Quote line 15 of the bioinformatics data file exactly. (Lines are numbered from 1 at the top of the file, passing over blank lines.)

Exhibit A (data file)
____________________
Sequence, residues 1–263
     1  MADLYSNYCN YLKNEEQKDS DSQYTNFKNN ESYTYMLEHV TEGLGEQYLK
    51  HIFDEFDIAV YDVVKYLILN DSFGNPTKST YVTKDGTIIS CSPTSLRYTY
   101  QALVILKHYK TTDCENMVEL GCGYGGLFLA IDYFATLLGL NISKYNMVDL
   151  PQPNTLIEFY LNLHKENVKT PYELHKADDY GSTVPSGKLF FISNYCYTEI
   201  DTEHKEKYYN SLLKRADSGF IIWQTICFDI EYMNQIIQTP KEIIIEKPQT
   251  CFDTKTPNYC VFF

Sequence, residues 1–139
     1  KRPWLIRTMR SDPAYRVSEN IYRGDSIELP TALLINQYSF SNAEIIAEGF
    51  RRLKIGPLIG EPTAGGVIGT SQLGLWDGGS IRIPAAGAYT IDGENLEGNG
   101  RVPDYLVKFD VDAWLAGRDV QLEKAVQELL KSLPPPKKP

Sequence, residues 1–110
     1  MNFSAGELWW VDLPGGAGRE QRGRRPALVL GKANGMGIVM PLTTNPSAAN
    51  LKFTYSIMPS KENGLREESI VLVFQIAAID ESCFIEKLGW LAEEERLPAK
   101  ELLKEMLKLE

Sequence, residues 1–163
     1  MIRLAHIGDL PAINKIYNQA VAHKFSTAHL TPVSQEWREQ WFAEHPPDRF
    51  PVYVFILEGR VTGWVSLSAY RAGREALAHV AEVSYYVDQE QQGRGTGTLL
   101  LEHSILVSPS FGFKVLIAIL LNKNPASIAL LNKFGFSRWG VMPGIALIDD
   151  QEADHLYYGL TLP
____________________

   101  ELLKEMLKLE